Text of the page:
Dot Dot Dot...

I did it. I finally bought my first Stella & Dot jewellery pieces!

This is my second time to a hosted Stella & Dot party. I LOVE their stuff but due to the cost (it is quite pricey for 'costume jewellery') I held out purchasing until now. I even put about 40 pieces (not kidding) on my Christmas list but alas, no takers.

I actually revamped some jewellery not too long ago and restyled one piece with a Stella & Dot necklace in mind. You can read that post here. Needless to say, I love their stuff.

So, I took the leap and dove right in. I mean really, how could ladies + appies + wine + kid free zone + amazing jewellery NOT = a good time?

And a good time it was. The hardest part was deciding what to buy. Seriously. I probably stressed about it too much. But in the end I decided.

And here is what I purchased:

RAINA earrings. I love these as they have multiple tones of metal which make them look amazing with anything. Plus they really catch the light so are a great statement piece. They will really stand out when my hair is tied back, but are still bold enough to hold their own when I wear my hair down.

I also purchased two bracelets which will be fantastic layering pieces. I could wear them on their own of course, but love the look of multiple bangles. I have a bunch that will look great with the two I decided on.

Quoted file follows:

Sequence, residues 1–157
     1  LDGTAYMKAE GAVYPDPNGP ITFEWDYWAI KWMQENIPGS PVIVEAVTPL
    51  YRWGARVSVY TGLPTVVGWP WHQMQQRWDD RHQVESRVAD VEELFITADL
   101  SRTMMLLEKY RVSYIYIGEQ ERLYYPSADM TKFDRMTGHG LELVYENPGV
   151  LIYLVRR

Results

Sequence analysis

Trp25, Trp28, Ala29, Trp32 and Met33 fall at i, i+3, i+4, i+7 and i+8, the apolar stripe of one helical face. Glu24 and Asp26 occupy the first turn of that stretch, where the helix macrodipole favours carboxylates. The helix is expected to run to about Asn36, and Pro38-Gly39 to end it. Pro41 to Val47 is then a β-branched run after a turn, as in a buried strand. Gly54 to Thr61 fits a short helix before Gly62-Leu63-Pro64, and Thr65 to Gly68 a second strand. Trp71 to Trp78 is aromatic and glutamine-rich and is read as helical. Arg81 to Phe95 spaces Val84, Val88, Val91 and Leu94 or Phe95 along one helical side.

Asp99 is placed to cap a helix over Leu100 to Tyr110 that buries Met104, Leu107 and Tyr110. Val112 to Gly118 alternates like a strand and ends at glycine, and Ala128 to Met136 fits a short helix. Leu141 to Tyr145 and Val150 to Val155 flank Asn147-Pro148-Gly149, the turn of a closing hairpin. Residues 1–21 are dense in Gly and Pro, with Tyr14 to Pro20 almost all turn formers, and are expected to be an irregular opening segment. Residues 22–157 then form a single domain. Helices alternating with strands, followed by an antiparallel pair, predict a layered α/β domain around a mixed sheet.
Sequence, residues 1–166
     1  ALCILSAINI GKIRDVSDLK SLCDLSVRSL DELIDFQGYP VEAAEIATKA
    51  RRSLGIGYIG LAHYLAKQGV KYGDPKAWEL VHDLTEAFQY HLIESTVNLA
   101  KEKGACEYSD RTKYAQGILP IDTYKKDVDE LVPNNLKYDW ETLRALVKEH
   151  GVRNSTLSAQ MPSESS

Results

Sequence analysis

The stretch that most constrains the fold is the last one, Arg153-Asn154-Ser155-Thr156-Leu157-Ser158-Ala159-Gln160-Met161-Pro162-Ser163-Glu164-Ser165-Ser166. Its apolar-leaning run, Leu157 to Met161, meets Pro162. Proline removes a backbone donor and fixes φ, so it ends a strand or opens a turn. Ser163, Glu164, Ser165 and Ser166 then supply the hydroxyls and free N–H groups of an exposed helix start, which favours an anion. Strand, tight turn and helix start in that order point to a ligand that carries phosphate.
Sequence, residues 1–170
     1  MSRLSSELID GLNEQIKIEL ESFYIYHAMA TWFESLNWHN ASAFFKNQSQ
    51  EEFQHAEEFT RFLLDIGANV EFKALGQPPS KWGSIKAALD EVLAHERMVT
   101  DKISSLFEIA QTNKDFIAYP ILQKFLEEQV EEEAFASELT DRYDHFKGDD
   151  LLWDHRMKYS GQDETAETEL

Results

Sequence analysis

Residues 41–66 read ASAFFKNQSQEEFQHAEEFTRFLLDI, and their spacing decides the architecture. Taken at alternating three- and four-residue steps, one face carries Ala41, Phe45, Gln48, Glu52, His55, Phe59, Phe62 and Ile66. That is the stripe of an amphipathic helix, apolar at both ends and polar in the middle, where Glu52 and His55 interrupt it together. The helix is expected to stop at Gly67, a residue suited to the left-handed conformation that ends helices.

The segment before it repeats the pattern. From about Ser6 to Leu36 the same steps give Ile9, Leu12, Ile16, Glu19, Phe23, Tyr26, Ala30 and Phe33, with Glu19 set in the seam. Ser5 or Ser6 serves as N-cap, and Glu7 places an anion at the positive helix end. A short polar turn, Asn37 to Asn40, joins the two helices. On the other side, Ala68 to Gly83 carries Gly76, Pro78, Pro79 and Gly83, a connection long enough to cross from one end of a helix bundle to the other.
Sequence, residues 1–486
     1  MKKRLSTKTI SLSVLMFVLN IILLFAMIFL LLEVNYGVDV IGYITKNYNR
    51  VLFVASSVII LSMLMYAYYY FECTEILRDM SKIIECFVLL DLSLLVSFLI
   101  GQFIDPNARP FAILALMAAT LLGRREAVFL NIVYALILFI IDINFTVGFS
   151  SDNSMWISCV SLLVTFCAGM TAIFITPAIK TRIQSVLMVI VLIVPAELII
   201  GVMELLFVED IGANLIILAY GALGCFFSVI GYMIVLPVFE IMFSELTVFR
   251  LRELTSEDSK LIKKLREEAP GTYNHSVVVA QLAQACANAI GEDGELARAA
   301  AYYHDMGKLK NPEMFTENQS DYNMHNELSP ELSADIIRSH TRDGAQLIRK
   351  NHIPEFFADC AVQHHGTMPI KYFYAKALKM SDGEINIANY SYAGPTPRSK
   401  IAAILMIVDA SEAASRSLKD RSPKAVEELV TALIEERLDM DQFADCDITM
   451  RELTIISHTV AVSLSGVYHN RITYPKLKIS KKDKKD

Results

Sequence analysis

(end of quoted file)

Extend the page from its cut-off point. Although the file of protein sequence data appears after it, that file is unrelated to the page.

Like most home based parties, you place an order for the product so you don't actually come home with it that night. So the wait is officially on. I am really excited to receive my new treats!

Tick tock.

What about you? I know I am a bit late to hop on the Stella & Dot train but now that I have arrived I'd love to hear your experiences with their product. What pieces do you own? What are your faves?

* all images from www.stelladot.com *

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Potato Leek Soup

Chef Kev has been at it again! Soup in da' house! I've told Chef Kev that if he ever tried out for "Master Chef" (I'd totally make him if it came to Canada) then he'd HAVE to audition with one of his soups. He rolled his eyes at me as usual, but I ignored him. He's really perfected his soups and they are G.O.O.D! Here is his latest...

Potato Leek Soup

You will need:
3 large leeks
6-7 large yellow flesh potatoes
chicken bouillon (Chef Kev likes 'Better Than Bouillon' brand)
Salt and Pepper
thyme (dry or fresh)
2-3 garlic cloves (minced)
1/3 cup 'table' or 'heavy' cream
1/2 package bacon
2 shallots
flour or cornstarch (used for dusting)

To make: